SOUTH BEND, Ind. (AP) — Notre Dame added depth on national signing day where it was most needed: along the defensive front seven and the offensive line.
“You’re winning up front, and building that depth in the front seven and the offensive line really stands out in this class, and then having some really good players across the board for us,” coach Brian Kelly said Wednesday.
The Irish have holes to fill along the defensive front. Linemen Louis Nix III and Stephon Tuitt decided to leave with a year of eligibility left to enter the NFL draft and because defensive line recruit Matt Dickerson decided last month to sign with UCLA instead of Notre Dame because he wanted to stay closer to home after his father was diagnosed with cancer.
Defensive lineman Daniel Cage of Cincinnati announced Wednesday he was signing with the Irish after visiting the school just last weekend, and Peter Mokwuah of Staten Island, N.Y., committed to the Irish late last month before even visiting the school.
Kelly said the Irish coaching staff decided late it needed more defensive line depth.
“We didn’t cast a large enough net, and we just needed to be out there larger in terms of our number of candidates, and so that’s why we went back in that way,” he said.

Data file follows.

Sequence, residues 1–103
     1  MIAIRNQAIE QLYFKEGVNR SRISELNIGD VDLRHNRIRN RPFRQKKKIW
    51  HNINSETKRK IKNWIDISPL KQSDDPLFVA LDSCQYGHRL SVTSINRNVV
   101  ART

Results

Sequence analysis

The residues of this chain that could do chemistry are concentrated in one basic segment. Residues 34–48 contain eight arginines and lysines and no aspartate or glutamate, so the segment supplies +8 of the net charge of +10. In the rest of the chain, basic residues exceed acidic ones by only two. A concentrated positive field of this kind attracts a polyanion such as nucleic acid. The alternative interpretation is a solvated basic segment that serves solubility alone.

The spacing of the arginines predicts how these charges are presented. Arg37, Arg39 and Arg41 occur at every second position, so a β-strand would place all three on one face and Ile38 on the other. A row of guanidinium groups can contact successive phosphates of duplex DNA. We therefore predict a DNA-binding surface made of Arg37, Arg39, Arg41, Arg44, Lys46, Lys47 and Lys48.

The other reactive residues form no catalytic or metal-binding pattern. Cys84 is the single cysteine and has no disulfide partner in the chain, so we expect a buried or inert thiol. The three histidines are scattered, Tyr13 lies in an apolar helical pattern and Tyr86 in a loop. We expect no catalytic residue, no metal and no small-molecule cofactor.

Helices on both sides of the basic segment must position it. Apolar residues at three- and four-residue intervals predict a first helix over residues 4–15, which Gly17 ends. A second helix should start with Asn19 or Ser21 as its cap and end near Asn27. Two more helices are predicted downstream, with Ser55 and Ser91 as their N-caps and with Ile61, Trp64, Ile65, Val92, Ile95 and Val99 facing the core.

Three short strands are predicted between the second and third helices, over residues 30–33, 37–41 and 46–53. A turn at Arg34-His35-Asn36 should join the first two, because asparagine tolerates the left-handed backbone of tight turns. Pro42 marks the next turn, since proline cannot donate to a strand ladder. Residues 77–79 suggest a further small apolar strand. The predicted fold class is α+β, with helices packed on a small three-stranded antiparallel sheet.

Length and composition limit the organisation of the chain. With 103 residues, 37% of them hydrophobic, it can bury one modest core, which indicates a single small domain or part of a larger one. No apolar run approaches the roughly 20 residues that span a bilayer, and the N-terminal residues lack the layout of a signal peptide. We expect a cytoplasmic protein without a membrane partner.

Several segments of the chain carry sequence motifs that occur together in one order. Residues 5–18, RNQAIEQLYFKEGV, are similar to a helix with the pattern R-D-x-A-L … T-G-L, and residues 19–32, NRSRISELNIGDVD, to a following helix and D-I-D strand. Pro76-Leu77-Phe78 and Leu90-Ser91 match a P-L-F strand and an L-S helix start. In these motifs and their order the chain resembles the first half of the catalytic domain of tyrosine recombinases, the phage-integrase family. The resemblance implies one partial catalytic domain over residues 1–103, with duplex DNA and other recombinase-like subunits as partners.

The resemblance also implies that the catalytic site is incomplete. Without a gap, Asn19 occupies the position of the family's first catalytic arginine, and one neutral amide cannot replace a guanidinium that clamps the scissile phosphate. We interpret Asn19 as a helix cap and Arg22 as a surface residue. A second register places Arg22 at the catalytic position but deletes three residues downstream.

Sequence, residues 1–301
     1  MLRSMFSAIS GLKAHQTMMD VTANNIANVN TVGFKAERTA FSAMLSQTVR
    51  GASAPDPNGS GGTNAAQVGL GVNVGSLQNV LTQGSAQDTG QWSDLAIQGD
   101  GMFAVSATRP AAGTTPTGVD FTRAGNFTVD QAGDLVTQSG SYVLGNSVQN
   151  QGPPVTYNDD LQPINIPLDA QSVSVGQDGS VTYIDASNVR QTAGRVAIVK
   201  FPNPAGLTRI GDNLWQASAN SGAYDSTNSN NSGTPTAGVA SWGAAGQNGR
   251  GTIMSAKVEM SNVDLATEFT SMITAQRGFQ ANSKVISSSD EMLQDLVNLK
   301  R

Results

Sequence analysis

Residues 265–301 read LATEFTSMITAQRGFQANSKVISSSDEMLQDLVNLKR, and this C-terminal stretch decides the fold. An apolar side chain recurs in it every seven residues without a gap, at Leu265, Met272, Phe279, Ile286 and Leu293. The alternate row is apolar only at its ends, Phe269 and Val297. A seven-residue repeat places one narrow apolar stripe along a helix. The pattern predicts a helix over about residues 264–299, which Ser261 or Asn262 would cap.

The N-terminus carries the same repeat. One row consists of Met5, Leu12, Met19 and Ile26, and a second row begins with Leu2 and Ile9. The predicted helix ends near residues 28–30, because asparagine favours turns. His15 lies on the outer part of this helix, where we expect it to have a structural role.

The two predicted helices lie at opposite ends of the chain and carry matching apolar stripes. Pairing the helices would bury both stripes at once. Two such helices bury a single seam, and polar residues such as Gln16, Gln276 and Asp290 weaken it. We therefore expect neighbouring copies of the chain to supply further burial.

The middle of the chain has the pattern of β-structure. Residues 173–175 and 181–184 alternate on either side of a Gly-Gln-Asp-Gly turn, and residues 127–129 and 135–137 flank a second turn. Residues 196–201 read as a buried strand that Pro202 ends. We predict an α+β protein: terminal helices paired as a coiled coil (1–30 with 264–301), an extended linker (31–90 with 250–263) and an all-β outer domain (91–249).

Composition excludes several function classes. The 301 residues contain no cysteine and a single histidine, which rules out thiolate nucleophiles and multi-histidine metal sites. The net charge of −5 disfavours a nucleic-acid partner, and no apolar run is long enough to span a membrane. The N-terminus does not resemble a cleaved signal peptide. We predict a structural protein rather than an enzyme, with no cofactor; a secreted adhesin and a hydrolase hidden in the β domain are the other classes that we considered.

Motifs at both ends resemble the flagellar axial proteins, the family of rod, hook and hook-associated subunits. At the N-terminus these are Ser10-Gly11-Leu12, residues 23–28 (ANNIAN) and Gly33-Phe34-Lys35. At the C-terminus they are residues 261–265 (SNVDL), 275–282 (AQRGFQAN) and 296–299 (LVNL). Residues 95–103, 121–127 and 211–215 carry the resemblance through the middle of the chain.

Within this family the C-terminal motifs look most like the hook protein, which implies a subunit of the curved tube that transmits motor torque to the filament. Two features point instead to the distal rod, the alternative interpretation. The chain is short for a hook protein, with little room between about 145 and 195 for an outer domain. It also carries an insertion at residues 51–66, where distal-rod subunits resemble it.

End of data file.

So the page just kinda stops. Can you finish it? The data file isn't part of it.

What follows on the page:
Another late addition was defensive lineman Jhonathon Williams, who committed in late November. Kelly conceded that even though Williams lives about 40 miles from Notre Dame, the Irish didn’t know about him until late.
CBS Sports recruiting analyst Tom Lemming said it was a good class for the Irish.
“They addressed their needs at defensive tackle. It’s not the guys they wanted originally, but they’re still pretty good ball players,” he said.
The highest-rated recruits signed by the Irish were linebacker Nyles Morgan of Crete, Ill., offensive lineman Quenton Nelson of Holmdel, N.J. and tight end Tyler Luatua of Paramount, Calif. Kelly said it’s difficult to predict which player will likely have the immediate impact, saying it will depend on who is best prepared mentally.
“You really can’t tell that until they get into camp and how they pick up the grind of going through double sessions and the grind of school and balancing all those things, because physically if you look at a number of these guys, you could say they could play right now. I don’t know how they’re going to handle it mentally,” he said.